On the lower level of their home off of Wilson Mills Road in Chester Township, Jeff and Adrienne La Favre have a room with boxes full of electrical supplies, a couple of computers and even a 3D printer. Mr. La Favre, the primary adviser of Geauga Engineering and Robotics 4-H club, pulled out a few of the boxes, which held examples of the projects that members work on throughout the first few senior levels of the club, including a line following robot, a crystal radio and an amplifier.

“For the first three years (of the senior levels) we have a set of projects that everybody completes,” Mr. La Favre explained. “Once they’ve completed those three years, then we call them a Journeyman. And after that point they design and build their own projects.”

GEAR members plan to share their projects at a booth in the Junior Fair Building during the Great Geauga County Fair that began Thursday and runs through Monday over the Labor Day holiday weekend at the county fairgrounds in Burton.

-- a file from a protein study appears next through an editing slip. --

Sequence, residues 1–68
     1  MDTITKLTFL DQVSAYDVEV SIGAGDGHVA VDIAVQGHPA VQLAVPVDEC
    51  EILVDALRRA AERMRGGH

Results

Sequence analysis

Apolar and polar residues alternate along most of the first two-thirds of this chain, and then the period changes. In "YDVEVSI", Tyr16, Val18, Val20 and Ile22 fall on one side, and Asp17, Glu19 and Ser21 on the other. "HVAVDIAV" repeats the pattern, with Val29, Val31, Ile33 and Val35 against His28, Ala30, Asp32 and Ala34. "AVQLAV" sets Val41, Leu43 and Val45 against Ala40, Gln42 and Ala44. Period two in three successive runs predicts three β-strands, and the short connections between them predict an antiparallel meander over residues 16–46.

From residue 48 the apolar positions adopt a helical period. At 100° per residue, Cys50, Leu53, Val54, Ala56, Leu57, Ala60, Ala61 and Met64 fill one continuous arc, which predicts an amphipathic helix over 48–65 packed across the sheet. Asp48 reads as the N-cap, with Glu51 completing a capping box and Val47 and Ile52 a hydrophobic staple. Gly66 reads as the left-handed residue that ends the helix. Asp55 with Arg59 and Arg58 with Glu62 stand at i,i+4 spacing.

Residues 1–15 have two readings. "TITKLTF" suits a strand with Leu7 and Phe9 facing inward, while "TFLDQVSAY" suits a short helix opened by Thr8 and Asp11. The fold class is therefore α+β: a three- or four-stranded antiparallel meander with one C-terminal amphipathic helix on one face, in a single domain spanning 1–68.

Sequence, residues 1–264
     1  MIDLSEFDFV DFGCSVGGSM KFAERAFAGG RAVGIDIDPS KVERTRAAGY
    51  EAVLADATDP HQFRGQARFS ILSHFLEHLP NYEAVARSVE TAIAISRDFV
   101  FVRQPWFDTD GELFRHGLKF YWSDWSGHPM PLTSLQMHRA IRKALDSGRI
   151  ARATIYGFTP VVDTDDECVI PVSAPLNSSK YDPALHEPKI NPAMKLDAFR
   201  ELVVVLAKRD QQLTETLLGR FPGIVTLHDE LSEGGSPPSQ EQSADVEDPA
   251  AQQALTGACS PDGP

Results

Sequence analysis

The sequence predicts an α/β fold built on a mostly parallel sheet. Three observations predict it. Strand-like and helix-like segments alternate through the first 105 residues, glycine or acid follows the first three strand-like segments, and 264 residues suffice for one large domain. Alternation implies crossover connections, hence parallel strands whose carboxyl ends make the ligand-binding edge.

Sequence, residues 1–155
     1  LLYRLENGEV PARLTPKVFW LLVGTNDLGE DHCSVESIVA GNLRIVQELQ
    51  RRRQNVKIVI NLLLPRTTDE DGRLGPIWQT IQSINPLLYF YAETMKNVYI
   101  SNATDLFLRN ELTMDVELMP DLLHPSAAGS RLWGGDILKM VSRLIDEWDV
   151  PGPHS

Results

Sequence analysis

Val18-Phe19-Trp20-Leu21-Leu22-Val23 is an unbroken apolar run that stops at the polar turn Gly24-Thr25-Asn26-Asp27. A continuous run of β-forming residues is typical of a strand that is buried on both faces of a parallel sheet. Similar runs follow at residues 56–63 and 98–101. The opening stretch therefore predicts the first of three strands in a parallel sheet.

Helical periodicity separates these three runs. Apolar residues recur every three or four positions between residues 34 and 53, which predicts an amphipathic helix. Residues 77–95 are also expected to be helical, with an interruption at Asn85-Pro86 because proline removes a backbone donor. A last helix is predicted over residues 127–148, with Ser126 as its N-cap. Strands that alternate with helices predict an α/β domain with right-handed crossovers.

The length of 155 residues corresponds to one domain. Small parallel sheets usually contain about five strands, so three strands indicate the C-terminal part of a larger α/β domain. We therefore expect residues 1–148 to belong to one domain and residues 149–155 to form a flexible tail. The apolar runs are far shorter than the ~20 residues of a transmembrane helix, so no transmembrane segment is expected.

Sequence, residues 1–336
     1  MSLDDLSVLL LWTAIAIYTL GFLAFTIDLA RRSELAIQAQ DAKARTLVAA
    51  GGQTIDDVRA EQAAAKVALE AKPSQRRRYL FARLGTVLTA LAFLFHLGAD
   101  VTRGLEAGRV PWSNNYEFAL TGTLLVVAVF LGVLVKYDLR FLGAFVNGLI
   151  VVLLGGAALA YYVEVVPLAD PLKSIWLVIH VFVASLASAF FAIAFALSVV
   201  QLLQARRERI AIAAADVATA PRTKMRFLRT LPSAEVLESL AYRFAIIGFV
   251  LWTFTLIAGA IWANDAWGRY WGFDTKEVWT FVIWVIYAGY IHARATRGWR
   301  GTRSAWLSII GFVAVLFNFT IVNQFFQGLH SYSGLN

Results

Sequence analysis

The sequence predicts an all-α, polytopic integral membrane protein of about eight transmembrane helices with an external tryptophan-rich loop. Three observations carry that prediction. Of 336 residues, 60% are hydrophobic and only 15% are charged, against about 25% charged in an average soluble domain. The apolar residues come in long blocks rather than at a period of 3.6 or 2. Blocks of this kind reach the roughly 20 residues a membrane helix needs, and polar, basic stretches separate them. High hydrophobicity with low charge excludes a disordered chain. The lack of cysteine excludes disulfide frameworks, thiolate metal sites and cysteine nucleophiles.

The completed GEAR upper-level projects have been diverse this year, from a working prosthetic arm to a card-dealing robot, but it all starts with teaching junior members – who are typically in third and fourth grade – the basics of electricity and magnetism.

One of GEAR’s youngest members, Caroline Yeager, 10, of Russell, shared that she worked on a project on magnetism and how it’s used in everyday life, as well as a project on astronomy where she replicated Galileo’s fundamental observations. She was able to recognize Jupiter from the outfield at her baseball game after working on her project, Caroline said.

Several of the younger senior members, including Kaylee Daley, 13, of Chester Township, Daniel Novak, 11, of Burton and Vincent Dragolich, 13, of Huntsburg, represented Geauga County at the Ohio State Fair earlier this summer. Vincent shared his project on solar panels alongside his solar-powered robotic car, Daniel presented his line following robot, and Kaylee presented her crystal radio and amplifier.